UPDATE: Former New Democrat MP Svend Robinson wants to return to politics - InfoNews

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UPDATE: Former New Democrat MP Svend Robinson wants to return to politics

Former NDP MP, Svend Robinson addresses the media outside his childhood home in Burnaby, B.C. Tuesday, Jan. 15. 2019. Robinson announced that he will be running for a seat in the 2019 federal election which is expected in Oct. 2019.
Image Credit: THE CANADIAN PRESS/Jonathan Hayward
January 15, 2019 - 3:17 PM

BURNABY, B.C. - Former New Democrat MP Svend Robinson is attempting a political comeback, nearly 15 years after his theft of an expensive diamond ring brought an end to his decades-long career.

Standing outside his childhood home in Burnaby, B.C., Robinson said he expects to be acclaimed as the NDP candidate in the riding of Burnaby North-Seymour at a nomination meeting on Saturday.

He has been knocking on doors in the riding and Robinson said no one has brought up the theft that derailed his career in 2004.

"How many times does one have to pay for a stupid mistake?" Robinson asked Tuesday.

"I am asking the people of Burnaby North-Seymour and Canadians to judge me not on the basis of one serious mistake 15 years ago, for which I paid the price, but to judge me for my lifetime of service to my community, to my country and for the past decade, internationally."

Robinson, 66, pleaded guilty to theft over $5,000 after stealing an engagement ring from an auction where it was valued at $64,500. The RCMP later obtained a retail valuation that amounted to $21,500.

He revealed he was suffering from bipolar disorder at the time. A provincial court judge handed him a conditional discharge, along with a year's probation and community service.

Since leaving politics, he has spent time in Switzerland working with the Global Fund to Fight AIDS, tuberculosis and malaria.

On Tuesday, Robinson said he is returning to public life for two fundamental reasons: climate change and the affordable housing crisis.

 

"I am running first and foremost to put climate change and global warming at the top of our political agenda, to demand that we mobilize the same way nationally that we mobilize to fight a war," he said.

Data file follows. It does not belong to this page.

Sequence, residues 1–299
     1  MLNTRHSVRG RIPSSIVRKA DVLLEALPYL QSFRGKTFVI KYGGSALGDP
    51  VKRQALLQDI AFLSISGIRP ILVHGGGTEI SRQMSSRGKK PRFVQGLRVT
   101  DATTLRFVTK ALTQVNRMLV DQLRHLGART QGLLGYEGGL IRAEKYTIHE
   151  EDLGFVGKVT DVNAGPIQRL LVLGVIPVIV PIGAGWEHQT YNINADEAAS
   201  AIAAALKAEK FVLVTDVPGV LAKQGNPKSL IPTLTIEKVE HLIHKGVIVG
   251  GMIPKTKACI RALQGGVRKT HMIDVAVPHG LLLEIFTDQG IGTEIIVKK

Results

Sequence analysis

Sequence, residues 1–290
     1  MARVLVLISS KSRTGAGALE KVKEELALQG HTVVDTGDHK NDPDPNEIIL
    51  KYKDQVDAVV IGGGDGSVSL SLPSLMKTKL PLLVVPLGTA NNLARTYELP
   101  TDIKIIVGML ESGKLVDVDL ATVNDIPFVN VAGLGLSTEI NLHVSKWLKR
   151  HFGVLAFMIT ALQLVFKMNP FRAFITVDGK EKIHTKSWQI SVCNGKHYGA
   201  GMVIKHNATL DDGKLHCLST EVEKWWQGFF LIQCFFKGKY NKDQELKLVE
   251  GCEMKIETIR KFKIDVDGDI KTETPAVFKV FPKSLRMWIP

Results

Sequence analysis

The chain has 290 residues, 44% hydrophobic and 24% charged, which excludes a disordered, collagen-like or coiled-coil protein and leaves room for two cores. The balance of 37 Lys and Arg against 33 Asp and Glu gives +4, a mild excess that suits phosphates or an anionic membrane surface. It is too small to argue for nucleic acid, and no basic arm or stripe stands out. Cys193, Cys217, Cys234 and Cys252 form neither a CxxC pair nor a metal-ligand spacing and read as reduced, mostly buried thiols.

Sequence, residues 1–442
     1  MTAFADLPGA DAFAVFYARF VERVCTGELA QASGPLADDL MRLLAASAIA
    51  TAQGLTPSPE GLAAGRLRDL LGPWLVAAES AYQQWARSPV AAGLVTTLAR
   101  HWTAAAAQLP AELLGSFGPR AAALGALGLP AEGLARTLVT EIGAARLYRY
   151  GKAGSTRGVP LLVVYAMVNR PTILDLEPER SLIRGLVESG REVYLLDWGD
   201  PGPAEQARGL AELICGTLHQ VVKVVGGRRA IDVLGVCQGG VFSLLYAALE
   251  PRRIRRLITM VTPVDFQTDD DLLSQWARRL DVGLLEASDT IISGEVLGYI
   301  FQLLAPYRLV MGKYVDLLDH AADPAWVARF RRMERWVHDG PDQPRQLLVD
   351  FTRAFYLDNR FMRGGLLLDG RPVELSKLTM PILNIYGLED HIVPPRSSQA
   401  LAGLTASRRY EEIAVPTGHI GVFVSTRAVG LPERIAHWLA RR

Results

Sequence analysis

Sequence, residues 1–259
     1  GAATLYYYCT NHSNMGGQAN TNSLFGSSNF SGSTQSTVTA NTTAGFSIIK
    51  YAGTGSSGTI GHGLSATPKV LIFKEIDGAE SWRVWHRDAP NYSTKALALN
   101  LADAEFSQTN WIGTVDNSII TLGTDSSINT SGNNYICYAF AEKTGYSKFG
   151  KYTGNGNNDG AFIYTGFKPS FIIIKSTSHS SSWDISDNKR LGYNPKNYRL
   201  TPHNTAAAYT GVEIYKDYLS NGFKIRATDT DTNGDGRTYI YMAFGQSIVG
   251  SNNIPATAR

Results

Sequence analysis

"Only this time, it's a war to save our planet, a war in which there are no casualties, no lives lost, but a war that's going to save lives, a war for our children's future."

He accused the Liberal government of failing to respond to the recent Intergovernmental Panel on Climate Change report, which warned there are only 12 years left to prevent the catastrophic impacts of global warming on the planet.

He also said the Liberals have shown "contempt" for Indigenous Peoples and the safety of British Columbia's coastal waters.

The Trans Mountain pipeline runs through Burnaby and Liberal MP Terry Beech, who represents Burnaby North-Seymour, has touted the government's efforts to protect orcas from increased vessel traffic.

Last week, Prime Minister Justin Trudeau defended his government's approach to resource development after confrontations over a different pipeline in northern B.C.

"We know we cannot do it without creating partnerships and engaging with Indigenous Peoples who are the traditional custodians of these lands, without thinking deeply about the environmental consequences and the long-term impacts of the choices we're making," he said.

Robinson drew on his family's experience to illustrate to the housing crisis in Metro Vancouver. The modest home his family rented when he was a boy is now worth $2.3 million, he said, and it's an "outrage" his nephew, a journeyman electrician, and his wife, a family counsellor, cannot afford to live in the community where they grew up with their three kids.

NDP Leader Jagmeet Singh is running for his first Parliament seat in a byelection in the neighbouring riding of Burnaby South and Robinson recently appeared with him at a campaign event.

In 1988, Robinson was the first MP to declare his homosexuality and became a crusader for gay and lesbian rights in Canada. He's also known for supporting ALS sufferer Sue Rodriguez in her fight for the right to assisted death, which she narrowly lost in the Supreme Court of Canada in 1993.

He said Tuesday he is still living with mental illness like millions of Canadians, and he continues to seek therapy.

"I stole a ring. I will regret that for the rest of my life, even though both the prosecutor and the judge accepted that I was struggling with mental illness at the time," he said.

"I took full responsibility for my actions. I gave up the job I loved. I did community work service ... and I got the professional therapy and medication I needed to get back on my feet."

— Follow @ellekane on Twitter.

News from © The Canadian Press, 2019
The Canadian Press

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